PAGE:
The hometown airline that reinvented itself time after time is converting to Chapter 7 bankruptcy -- meaning it has to sell off its assets to repay creditors.
The move ends an emotional roller coaster for employees who stayed with the company through turbulent times.
There were nothing but long faces Thursday morning outside the federal courthouse after a judge said he would order Midway to liquidate its assets.
"I'm going to spend a coouple of months trying to forget about this and figure out what to do with the rest of my life," Midway Chief Executive Officer Bob Ferguson said.
Ferguson's life had been Midway Airlines, which recently was acting a regional carrier for US Airways. But Thursday, the final death knell came after Midway had fought bankruptcy for two years.
"People don't like being associated with failure," Ferguson said, "and I'm anong those that are unhappy about it."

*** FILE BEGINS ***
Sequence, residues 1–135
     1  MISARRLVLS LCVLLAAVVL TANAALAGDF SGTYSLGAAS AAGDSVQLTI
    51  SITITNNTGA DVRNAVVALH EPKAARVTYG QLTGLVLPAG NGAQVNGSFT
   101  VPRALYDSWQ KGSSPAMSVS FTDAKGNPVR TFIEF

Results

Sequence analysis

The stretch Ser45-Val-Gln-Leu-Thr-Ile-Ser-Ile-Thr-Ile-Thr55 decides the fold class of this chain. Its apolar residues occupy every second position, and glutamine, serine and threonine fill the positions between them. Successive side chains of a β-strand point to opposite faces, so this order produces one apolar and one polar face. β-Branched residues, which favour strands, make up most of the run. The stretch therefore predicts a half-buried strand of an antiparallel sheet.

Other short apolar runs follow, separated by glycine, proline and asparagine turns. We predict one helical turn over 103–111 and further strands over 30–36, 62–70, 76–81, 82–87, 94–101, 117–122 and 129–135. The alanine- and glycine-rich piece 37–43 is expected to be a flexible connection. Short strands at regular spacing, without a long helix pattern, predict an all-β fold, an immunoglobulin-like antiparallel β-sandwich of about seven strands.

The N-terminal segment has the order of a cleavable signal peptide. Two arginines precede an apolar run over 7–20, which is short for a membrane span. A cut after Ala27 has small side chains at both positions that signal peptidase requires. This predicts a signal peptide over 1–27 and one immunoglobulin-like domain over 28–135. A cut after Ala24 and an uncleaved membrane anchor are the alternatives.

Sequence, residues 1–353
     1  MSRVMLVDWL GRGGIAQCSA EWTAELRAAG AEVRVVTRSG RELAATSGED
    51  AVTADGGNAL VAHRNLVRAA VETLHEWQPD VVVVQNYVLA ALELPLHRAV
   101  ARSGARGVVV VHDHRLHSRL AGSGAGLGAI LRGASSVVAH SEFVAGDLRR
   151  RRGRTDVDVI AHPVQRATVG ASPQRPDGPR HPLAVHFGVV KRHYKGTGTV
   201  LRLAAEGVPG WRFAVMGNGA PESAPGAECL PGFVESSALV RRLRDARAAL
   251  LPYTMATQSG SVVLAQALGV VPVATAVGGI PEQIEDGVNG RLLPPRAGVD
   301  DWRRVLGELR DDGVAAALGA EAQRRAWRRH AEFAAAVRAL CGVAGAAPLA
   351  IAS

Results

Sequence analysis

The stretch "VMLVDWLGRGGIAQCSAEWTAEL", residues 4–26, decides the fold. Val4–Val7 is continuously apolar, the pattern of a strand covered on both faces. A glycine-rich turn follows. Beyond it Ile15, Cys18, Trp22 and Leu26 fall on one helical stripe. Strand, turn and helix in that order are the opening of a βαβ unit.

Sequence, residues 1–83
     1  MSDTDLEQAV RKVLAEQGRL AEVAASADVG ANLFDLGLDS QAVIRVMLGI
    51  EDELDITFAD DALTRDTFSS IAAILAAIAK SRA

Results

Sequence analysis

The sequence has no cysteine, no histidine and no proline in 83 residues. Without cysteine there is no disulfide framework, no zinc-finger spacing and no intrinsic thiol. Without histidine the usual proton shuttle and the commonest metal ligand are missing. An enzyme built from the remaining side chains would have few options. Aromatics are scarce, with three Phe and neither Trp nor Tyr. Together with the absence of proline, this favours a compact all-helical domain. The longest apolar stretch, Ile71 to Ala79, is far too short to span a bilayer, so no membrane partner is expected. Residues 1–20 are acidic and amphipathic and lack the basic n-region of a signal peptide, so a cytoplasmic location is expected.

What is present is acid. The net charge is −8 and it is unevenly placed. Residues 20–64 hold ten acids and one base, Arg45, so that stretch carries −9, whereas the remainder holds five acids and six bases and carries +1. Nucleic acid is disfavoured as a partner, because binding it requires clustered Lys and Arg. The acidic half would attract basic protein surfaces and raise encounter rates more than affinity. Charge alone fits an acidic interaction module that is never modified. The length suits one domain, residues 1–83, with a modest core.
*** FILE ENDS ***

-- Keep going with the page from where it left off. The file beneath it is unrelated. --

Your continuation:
The judge's decision put 188 Midway employees out of work, including flight attendants, maintenance workers and pilots.
"We're very disappointed," said Capt. Mark Stewart, of the Midway Pilots Association. "Many of us had been here since Midway started up again in 1993. I started March, 95, and I am extremely disappointed."
The company parked its eight aircraft Wednesday night, pending Thursday's bankruptcy hearing. The 30 daily round trips have been canceled, and
US Airways is accommodating Midway customers on other US Airways flights.
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